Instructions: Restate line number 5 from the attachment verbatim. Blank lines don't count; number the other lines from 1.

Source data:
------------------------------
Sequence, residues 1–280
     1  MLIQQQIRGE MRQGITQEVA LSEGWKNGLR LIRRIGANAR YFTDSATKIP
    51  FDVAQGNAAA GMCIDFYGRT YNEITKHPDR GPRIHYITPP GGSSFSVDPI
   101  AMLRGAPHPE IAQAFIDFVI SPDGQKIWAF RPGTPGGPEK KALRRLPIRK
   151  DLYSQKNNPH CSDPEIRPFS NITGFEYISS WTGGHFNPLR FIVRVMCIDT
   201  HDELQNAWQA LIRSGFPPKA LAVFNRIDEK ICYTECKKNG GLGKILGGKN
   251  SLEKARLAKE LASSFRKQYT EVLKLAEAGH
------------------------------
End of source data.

   151  DLYSQKNNPH CSDPEIRPFS NITGFEYISS WTGGHFNPLR FIVRVMCIDT